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Warren Buffett's 'elephant-sized acquisition' won't happen anytime soon

There’s been a lot of speculation about what legendary investor Warren Buffett’s Berkshire Hathaway will do with its massive cash pile.

Writing in Berkshire Hathaway’s annual shareholder letter (BRK-ABRK-B) Buffett makes a case for why there won’t be an “elephant-sized” acquisition anytime soon given the sky-high valuations.

“Berkshire will forever remain a financial fortress. In managing, I will make expensive mistakes of commission and will also miss many opportunities, some of which should have been obvious to me. At times, our stock will tumble as investors flee from equities,” Buffett wrote.

Berkshire Hathaway holds approximately $112 billion in cash and cash equivalents. Buffett noted that a portion of that stash is “untouchable” since they want to always hold at least $20 billion “to guard against external calamities.” Buffett also said he will “never risk getting caught short of cash.”

“In the years ahead, we hope to move much of our excess liquidity into businesses that Berkshire will permanently own. The immediate prospects for that, however, are not good: Prices are sky-high for businesses possessing decent long-term prospects.”

Warren Buffett, CEO of Berkshire Hathaway Inc, plays bridge as part of the company annual meeting weekend in Omaha, Nebraska U.S. May 6, 2018. REUTERS/Rick Wilking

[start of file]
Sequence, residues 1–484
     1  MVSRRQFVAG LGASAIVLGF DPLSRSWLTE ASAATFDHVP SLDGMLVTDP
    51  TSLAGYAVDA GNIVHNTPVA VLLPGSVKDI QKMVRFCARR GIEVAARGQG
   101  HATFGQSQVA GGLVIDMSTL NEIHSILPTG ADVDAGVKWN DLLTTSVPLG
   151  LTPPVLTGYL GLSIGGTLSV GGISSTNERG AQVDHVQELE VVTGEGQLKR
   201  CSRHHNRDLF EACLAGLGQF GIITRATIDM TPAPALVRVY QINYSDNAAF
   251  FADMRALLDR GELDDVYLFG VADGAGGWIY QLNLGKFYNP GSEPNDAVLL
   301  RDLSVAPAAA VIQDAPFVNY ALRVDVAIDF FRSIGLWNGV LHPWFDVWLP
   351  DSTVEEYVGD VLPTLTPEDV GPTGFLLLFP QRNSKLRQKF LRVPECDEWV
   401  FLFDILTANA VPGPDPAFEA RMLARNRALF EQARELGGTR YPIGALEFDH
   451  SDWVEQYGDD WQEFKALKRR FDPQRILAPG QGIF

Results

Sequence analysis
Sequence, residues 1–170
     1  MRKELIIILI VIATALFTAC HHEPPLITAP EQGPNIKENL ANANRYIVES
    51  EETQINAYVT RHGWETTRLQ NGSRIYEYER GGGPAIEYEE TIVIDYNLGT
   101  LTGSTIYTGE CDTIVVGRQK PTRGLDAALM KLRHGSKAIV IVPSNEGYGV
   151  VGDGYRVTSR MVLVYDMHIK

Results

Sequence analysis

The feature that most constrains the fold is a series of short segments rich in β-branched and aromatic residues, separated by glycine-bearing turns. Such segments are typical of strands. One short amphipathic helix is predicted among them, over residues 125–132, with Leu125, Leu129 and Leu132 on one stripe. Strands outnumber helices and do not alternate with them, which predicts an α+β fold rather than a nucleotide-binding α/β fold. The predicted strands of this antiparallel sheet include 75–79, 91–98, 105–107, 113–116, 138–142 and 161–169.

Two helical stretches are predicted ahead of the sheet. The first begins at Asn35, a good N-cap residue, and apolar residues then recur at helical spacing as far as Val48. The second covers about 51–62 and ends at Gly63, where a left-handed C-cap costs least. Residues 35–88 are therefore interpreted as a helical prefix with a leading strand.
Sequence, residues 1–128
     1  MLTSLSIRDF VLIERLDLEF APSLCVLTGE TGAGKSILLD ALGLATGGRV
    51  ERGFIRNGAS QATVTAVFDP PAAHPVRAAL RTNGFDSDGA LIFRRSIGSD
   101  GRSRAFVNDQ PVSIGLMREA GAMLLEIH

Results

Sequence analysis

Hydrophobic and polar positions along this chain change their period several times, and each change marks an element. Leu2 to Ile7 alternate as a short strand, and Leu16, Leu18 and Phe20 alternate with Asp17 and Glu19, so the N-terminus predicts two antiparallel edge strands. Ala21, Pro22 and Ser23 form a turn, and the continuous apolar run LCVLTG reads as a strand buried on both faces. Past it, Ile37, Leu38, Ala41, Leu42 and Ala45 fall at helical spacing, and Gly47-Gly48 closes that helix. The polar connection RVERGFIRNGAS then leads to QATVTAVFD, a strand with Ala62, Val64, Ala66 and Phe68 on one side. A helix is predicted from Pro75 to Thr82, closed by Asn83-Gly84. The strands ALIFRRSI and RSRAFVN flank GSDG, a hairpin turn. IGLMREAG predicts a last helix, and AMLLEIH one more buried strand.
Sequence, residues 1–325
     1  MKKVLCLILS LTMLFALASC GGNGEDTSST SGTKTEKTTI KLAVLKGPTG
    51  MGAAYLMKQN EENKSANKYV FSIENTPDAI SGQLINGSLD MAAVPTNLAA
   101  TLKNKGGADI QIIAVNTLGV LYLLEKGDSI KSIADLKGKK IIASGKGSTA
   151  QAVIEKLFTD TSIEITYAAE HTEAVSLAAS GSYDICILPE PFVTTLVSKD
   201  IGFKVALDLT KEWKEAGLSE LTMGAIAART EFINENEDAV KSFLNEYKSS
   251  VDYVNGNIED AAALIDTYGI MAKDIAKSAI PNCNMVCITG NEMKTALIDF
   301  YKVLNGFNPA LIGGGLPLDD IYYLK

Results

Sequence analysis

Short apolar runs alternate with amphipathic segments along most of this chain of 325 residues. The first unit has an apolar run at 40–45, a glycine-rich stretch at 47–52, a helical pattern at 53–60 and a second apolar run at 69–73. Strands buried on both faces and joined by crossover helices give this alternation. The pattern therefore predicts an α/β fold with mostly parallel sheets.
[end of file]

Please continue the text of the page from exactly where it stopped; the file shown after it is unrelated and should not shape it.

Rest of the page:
“That disappointing reality means that 2019 will likely see us again expanding our holdings of marketable equities,” Buffett continued. “We continue, nevertheless, to hope for an elephant-sized acquisition. Even at our ages of 88 and 95 – I’m the young one – that prospect is what causes my heart and Charlie’s to beat faster. (Just writing about the possibility of a huge purchase has caused my pulse rate to soar.)

“My expectation of more stock purchases is not a market call,” he clarified. “Charlie and I have no idea as to how stocks will behave next week or next year. Predictions of that sort have never been a part of our activities. Our thinking, rather, is focused on calculating whether a portion of an attractive business is worth more than its market price.”

Julia La Roche is a finance reporter at Yahoo Finance. Follow her on Twitter.